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View Diary: Should Americans Forgive the $2.5 Trillion Borrowed From Social Security? (181 comments)

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  •  Laundered, not a wash (0+ / 0-)

    You're right, of course, that if you use the total outstanding debt, the special issue bonds are included.

    My point, probably made poorly, was that the original borrowing from SocSec was a kind of financial sleight-of-hand that resulted in the Treasury having essentially borrowed from its left pocket in order to pay out from its right, creating the illusion that it could spend the money while still retaining it. Both at the time of the borrowing and the special bond issuance and up to the present moment, no deficit has been recorded in the budget. At some future point, when the SocSec bonds need to be paid off, all of a sudden it will turn out that there is a previously-unaccounted-for hole that will form a significant part of that year's budget. [As a side issue, in addition, there are/will be no further use of SocSec as a source of invisible budgetary funding].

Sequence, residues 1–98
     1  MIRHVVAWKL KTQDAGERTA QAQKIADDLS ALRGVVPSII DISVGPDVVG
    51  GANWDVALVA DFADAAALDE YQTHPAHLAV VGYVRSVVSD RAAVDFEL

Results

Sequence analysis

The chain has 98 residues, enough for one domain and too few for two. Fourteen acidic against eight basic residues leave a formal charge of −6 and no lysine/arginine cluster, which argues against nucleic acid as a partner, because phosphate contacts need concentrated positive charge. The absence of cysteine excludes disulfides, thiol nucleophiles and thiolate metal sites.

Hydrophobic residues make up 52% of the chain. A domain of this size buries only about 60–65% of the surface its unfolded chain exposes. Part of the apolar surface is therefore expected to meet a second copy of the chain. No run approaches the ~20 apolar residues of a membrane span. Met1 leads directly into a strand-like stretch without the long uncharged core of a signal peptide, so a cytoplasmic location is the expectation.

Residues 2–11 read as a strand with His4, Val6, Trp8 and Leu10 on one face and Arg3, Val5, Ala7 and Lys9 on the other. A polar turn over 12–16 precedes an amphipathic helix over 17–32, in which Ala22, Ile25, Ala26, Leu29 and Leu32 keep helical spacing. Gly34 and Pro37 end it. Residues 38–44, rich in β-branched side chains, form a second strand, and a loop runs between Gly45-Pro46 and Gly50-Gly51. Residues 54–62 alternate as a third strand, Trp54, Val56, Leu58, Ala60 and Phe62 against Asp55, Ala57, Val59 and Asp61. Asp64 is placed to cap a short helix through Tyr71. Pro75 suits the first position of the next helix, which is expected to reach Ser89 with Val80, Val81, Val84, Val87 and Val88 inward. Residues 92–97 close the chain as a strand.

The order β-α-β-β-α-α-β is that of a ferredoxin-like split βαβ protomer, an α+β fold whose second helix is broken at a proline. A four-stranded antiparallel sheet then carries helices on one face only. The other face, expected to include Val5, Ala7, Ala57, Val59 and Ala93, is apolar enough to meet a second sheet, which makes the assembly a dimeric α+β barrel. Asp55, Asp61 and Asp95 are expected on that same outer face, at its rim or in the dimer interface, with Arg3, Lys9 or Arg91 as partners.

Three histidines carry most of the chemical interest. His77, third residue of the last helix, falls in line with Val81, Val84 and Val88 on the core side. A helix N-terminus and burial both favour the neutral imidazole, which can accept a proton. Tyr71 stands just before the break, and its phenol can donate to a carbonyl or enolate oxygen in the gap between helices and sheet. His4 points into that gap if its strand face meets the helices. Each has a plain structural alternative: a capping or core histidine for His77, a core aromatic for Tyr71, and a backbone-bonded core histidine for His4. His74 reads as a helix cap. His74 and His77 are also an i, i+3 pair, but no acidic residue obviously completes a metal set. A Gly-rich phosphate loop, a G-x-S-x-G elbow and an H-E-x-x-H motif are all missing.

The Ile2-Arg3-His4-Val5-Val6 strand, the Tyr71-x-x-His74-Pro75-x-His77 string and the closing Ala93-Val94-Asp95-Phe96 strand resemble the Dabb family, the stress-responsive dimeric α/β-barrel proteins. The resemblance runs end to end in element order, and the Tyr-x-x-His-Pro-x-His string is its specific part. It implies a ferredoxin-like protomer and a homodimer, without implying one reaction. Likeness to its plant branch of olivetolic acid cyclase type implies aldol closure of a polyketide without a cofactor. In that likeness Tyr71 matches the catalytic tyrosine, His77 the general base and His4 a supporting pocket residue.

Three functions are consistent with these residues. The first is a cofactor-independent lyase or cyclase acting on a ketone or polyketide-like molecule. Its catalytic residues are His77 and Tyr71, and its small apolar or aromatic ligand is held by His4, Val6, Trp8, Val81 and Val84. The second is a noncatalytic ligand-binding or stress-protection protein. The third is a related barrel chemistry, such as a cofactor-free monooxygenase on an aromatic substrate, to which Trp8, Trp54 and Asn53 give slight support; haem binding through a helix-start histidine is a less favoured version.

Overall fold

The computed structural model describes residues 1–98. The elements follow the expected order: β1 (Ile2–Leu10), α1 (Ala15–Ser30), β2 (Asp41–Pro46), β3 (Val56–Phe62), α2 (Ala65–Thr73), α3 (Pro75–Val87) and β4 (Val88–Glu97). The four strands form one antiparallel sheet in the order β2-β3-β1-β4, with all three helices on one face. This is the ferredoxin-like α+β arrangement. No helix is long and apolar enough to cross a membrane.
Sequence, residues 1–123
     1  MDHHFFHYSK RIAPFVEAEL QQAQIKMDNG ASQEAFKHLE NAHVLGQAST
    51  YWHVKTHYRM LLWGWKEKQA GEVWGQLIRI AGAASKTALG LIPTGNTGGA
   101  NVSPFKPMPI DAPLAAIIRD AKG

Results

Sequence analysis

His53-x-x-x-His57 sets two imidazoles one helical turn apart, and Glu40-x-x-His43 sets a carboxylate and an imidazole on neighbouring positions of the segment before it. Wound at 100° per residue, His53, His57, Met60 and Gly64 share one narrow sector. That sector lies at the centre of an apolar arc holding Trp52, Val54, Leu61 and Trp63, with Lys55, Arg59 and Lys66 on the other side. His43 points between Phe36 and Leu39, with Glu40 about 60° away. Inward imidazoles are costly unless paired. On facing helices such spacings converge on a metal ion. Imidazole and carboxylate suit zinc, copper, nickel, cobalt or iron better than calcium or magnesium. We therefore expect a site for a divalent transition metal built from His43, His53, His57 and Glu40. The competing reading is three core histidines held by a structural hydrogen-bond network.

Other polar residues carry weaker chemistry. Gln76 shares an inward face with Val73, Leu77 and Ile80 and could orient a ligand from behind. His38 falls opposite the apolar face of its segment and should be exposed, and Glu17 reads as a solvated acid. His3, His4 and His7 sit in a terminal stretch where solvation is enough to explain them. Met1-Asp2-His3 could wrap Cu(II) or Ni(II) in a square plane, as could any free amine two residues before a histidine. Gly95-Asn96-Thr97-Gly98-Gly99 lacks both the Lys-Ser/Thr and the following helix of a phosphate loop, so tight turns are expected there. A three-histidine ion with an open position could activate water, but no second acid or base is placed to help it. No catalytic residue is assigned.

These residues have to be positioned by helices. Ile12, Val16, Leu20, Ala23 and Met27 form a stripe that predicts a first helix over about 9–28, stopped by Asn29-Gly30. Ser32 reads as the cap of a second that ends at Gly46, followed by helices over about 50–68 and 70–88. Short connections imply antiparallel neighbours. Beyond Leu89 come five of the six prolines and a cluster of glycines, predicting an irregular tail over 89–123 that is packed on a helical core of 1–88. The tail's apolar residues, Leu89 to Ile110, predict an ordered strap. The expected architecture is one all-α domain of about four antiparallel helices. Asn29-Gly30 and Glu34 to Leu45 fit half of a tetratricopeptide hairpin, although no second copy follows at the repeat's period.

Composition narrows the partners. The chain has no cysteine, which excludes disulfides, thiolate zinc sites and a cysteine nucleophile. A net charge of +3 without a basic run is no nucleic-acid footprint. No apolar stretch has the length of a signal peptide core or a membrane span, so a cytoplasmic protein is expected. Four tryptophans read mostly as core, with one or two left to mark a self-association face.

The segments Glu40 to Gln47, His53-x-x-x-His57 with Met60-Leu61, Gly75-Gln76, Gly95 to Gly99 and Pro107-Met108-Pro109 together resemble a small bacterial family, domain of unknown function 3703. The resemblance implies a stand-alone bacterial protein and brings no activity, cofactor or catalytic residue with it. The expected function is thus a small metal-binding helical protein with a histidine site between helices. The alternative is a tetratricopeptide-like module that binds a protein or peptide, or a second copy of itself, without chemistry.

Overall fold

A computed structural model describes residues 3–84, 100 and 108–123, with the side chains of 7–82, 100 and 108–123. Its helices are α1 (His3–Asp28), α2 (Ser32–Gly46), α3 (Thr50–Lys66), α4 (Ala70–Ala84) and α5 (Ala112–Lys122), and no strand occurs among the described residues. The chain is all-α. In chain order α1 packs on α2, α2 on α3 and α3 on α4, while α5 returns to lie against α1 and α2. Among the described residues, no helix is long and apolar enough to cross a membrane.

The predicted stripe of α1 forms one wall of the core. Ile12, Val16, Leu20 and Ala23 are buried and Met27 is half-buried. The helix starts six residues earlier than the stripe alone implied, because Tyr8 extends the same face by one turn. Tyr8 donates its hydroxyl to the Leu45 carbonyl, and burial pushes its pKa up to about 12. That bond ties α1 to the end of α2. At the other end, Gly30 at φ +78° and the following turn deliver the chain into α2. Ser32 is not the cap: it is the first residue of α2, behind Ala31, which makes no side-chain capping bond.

So, to my mind it's not really a wash. There is no accounted-for debt to exchange. The failure to properly book the debt in first place has in reality pushed its true accounting forward to the time when we will need to issue ordinary Treasury debt to pay off SocSec recipients from general tax revenues.

    In a time of steadily rising deficits at all levels of government, and given a probable 20+ years to recover from the present recession, 2023 looks to be a foreseeable disaster coming straight down the pike. And we haven't even mentioned the issue of what sorts of interest might be demanded for those T-bills in the future.

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